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Six reasons why the Wizards' new starting lineup is destroying the NBA right now

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Detroit Pistons v Washington Wizards Photo by Rob Carr/Getty Images

The Wizards have struggled to find a strong, consistent lineup to put on the floor this season, thanks to injuries and inconsistent play from some of the team's role players. But now that the Wizards finally sorted out their rotation and gotten everyone healthy, some very potent lineups have finally emerged.

Four of the Wizards' five most-used lineups since the All-Star breaks have outscored their opponents, but the new starting lineup of Wall, Beal, Porter, Morris, Gortat unit is doing it much better than anyone else.

The lineup has the second-best Net Rating of any five-man lineup that's played at least 100 minutes since the All-Star break and it's the 13th-best lineup in the league this season that has played at least 100 minutes together.

So why is the new lineup working? Here are a few reasons:

1. Let's be honest, the schedule has been pretty light

The Wizards' new lineup has only played 12 games together, and they haven't faced a tough slate together. They've faced the Heat, 76ers (twice), Timberwolves, Pacers, Cavaliers (once with LeBron, once without), Pistons (twice), Bulls, Knicks, and Hawks. There are a few lottery teams in there as well as some instances where the Wizards were fortunate to face good teams that weren't at full strength.

That said, the fact that the Wall, Beal, Porter, Morris, Gortat lineup is performing far better than any other lineup over the same stretch should indicate that there's something special there that should be able to still work well against more challenging opponents. Finishing with a Net Rating of +32.4 in 22 minutes of action against the Hawks on Monday night is an encouraging sign.

2. The Wizards finally have a unit that can control the glass

Washington struggled all through the first half of the season to find a 4 who could rebound effectively alongside Marcin Gortat. Heck, even when Gortat was paired with Nene they couldn't win the battle on the glass. But since Markieff Morris' arrival, things have changed for the Wizards on the glass. Since the All-Star break, they're in 11th in overall rebounding and 3rd on the defensive glass.

The starting unit has been especially effective rebounding the ball. They're grabbing 58.3 percent of all available rebounds and 84.9 percent of rebounds on the defensive glass. Only three five-man units that have played at least 100 minutes have controlled the glass better this season.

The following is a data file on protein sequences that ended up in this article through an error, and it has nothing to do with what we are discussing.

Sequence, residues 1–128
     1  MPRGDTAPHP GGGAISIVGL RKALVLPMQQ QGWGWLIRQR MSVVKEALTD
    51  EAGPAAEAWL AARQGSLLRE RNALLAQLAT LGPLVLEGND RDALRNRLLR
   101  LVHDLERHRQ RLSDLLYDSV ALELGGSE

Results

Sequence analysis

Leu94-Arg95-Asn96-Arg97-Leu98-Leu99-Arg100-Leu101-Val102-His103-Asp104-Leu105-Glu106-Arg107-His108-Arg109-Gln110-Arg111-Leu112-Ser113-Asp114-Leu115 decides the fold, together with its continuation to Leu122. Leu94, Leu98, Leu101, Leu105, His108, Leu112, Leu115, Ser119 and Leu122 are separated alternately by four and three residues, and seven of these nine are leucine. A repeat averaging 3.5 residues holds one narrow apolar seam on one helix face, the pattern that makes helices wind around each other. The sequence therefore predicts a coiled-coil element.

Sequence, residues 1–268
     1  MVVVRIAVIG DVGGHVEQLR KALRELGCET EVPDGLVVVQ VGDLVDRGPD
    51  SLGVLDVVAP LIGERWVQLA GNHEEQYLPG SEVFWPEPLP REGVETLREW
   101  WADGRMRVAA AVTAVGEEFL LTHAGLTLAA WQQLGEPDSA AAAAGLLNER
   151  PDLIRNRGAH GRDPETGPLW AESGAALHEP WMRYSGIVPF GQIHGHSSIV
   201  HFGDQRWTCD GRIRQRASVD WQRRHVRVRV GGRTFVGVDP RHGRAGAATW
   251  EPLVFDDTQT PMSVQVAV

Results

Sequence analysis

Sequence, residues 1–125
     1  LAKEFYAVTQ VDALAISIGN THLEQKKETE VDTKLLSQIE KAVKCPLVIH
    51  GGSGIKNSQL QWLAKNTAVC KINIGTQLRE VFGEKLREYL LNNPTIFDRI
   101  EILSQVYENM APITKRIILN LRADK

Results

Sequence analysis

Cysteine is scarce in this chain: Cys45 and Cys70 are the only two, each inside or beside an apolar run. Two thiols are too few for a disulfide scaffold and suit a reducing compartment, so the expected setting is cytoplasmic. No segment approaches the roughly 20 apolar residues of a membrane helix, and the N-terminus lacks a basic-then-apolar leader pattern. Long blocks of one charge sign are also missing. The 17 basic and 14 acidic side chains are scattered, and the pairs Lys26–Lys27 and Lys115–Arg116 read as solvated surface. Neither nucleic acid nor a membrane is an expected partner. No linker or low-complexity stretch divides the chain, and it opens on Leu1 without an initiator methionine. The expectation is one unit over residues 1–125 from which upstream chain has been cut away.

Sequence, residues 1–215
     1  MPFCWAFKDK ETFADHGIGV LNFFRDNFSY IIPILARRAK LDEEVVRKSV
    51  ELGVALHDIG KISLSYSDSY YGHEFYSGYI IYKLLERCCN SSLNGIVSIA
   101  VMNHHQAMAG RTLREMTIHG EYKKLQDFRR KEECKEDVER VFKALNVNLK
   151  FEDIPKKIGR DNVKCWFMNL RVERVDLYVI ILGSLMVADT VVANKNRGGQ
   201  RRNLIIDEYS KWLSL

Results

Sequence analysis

3. The defense has been outstanding with Markieff Morris

Believe it or not, the Wizards' offense has still been more effective with Jared Dudley (116.1 ORTG) than Markieff Morris (111.7) at the 4 since the All-Star break. But Morris really makes the Wizards click on the other end. They're a full 13 points per 100 possession better on the defensive end when Morris is at the 4 instead of Dudley.

Morris' versatility and athleticism help the Wizards address a lot of the defensive issues they faced earlier in the season. In the same way an offense struggles when you don't have anyone who can make plays happen with the ball, a defense struggles when all the defenders are at their best working off-the-ball.

For as good as Jared Dudley is as a defender, his best defensive value comes as a communicator and providing outstanding help defense. When he's left out on an island, star players can take advantage of his physical shortcomings in ways they can't against Markieff Morris like we saw on Saturday night when he shut down Carmelo Anthony.

4. Bradley Beal opens up so much for the Wizards' offense

For as much as Beal has grown this season as a player who doesn't have to rely on John Wall to create offense for him, Washington still needs him on the floor with Wall to maximize their offensive potential. Even though Garrett Temple's shooting has improved after a disastrous February (he's shooting 41.5 percent from beyond the arc in March, up over 13 percent from last month) he's never going to command the same respect from opposing defenses as Beal, who's averaging 16.6 points per game while shooting 46.8 percent from the field and 53.3 percent from beyond the arc this month.

Simply put, if you pair Garrett Temple and Otto Porter together, teams know Wall is going to have to initiate most of the offense in order to make something happen. With Beal out there, you add enough variety to keep defenses honest.

5. Turnovers are down

One of the benefits of keeping defenses honest with Beal -- and Morris, to a lesser extent -- is that it opens up passing lanes, which means John Wall doesn't have to take as many risks to create offense. The Wall, Beal, Porter, Morris, Gortat lineup has a 2.17:1 assist-to-turnover ratio, which is a nice improvement from the team's 1.68:1 ratio for the season as a whole.

6. Morris' presence makes Porter more effective

Remember how Otto Porter suddenly got way more effective as a scorer in the playoffs last season paired with Paul Pierce? The same thing is happening this season now that he's paired with another playmaking 4 is Morris. According to NBAwowy, Porter's effective field goal percentage when he's on the floor with Morris is 57.7 percent. His effective field goal percentage is only 50.0 percent since the All-Star break when Morris isn't on the floor.